Winnipeg Jewish Review  
Site Search:
Home  |  Archives  |  Contact Us
Features Local Israel Next Generation Arts/Op-Eds Editorial/Letters Links Obituary/In Memoriam


by Aidan Fishman, August 23, 2011

From July 31st to August 13th, Winnipeg once again celebrated Folklorama, its unique festival of multiculturalism first held to celebrate Manitoba’s Centennial in 1970. And once again, Winnipeg’s Jewish community embraced the event wholeheartedly, most notably at the Israel Pavilion - Shalom Square, a returning Folklorama favourite.

I had the great pleasure of serving as an Ambassador for this year’s Israel Pavilion, along with my enthusiastic compatriots Josh Lieberman and Orly Baisburd, and my mother, Michele Feierstein. As such, I enjoyed a unique bird’s-eye view into the organization of our pavilion as well as the entire extravaganza.

The Israel Pavilion was scheduled in Folklorama’s first week in order to avoid conflict with Tisha B’Av, the sombre fast day commemorating the destruction of both Jewish Temples in Jerusalem. Nevertheless, our pavilion chose to close early on Friday and open late on Saturday out of respect for Shabbat, deviating from the canonical Folkorama show times of 6:45, 8:15 and 9:45. Despite these closures, the Pavilion welcomed approximately 9000 guests, a figure consistent with previous years.

As Ambassadors, my compatriots and I had a very busy first week. Beforehand, we appeared at numerous city events such as the Children’s Festival and Folk Festival in order to generate publicity for Folklorama, quickly forming friendships with other pavilions’ ambassadors. At the Israel Pavilion, we conducted tours of our excellent cultural display for VIPs, welcomed bus tours from Manitoba and abroad and even helped to introduce the show, which featured the legendary Sarah Sommer Chai Folk Ensemble.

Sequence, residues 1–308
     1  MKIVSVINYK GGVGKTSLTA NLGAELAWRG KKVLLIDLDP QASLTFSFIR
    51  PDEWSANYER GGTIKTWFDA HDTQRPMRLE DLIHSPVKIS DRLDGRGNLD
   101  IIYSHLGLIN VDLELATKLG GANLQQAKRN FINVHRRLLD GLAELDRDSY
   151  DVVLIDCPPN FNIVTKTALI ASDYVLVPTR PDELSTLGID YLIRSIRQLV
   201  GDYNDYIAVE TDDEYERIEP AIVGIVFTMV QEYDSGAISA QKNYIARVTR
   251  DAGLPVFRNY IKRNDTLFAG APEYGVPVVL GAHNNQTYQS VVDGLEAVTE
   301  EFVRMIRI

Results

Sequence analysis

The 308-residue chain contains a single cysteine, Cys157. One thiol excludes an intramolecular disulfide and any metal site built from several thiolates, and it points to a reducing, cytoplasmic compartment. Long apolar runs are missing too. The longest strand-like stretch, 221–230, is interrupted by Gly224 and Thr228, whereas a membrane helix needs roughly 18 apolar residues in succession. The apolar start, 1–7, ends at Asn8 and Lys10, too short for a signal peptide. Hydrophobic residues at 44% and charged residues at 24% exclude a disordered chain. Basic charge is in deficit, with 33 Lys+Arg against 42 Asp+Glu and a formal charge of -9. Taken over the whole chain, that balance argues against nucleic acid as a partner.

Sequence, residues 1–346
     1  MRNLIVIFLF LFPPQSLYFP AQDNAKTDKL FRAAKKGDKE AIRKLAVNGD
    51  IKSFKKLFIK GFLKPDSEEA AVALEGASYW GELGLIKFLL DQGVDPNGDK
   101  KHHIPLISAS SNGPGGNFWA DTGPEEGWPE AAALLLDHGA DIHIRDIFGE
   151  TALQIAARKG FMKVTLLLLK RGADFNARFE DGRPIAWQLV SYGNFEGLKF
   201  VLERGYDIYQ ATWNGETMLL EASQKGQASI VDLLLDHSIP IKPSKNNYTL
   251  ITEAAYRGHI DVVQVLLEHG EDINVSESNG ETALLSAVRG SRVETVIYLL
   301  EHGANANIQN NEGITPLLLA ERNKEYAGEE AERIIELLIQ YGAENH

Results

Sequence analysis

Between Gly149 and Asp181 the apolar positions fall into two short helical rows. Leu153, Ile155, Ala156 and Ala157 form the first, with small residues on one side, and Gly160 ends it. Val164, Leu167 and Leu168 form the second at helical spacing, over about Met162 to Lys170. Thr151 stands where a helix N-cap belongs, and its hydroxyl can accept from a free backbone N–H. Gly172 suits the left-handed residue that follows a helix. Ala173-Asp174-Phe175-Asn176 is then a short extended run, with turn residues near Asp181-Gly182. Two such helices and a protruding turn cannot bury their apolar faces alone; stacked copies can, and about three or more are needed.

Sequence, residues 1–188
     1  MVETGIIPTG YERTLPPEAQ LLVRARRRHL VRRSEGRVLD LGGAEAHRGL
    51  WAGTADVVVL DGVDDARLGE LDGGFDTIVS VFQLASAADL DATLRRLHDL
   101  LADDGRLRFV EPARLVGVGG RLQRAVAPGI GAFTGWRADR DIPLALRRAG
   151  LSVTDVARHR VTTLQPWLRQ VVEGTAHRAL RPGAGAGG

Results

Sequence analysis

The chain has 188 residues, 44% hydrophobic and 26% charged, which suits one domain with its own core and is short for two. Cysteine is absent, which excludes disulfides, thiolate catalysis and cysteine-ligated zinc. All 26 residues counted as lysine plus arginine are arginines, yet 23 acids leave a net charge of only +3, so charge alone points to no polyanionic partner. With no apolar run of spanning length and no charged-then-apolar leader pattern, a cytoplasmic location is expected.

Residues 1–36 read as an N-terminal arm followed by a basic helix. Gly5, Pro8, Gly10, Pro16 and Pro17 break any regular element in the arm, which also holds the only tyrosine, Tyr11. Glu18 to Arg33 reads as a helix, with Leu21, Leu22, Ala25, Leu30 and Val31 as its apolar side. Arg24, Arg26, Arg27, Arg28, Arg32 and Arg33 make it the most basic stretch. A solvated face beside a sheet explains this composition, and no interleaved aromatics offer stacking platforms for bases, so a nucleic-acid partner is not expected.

This year’s cultural display, designed by Winnipeg’s very own Maxim Berent, featured beautiful panels depicting Israeli sites such as the Negev Desert, Dead Sea, Baha’i Gardens and Jerusalem as well as Israeli contributions in science and technology and a homage to the Jewish State’s multicultural mosaic of peoples and ethnicities. Also in attendance was Oded Grofman, Consul-Tourism Director from the Israeli government's Canadian tourism office.

I personally had the great pleasure of explaining Israel’s rich cultural heritage and diverse technological achievements to local figures such as Provincial Conservative Leader Hugh McFadyen, Liberal Leader Jon Gerrard and Lieutenant Governor Phillip Lee, along with numerous other MPs, MLAs, city councilors and candidates from a variety of parties and ridings.

I was especially impressed by the nearly universal pro-Israel sentiments expressed by Manitoba politicians from across the political spectrum. When one local official seemed skeptical that Israeli Arabs were accorded full voting rights just as Jewish Israelis, I quickly set him on the straight and narrow.

Although the Israel Pavilion has traditionally faced financial challenges due to the need to the high costs of kosher food and the loss of potential revenue on Shabbat, this year’s record-breaking sponsorship haul should brighten its fiscal outlook. All in all, coordinators Tamar Barr, Jeff Lieberman, Roberta Malam and David Rubinfeld did yeoman’s work with this year’s Pavilion, and deserve hearty congratulations for providing such a service to both the local Jewish community and the State of Israel.

All of our Ambassadors were entitled to VIP access for themselves and one guest at the second week's pavilions, allowing us to skip queues, enjoy free food and drink and occupy the best seats in the house. I exploited this opportunity to its fullest extent, visiting 23 pavilions with family and friends by week’s end.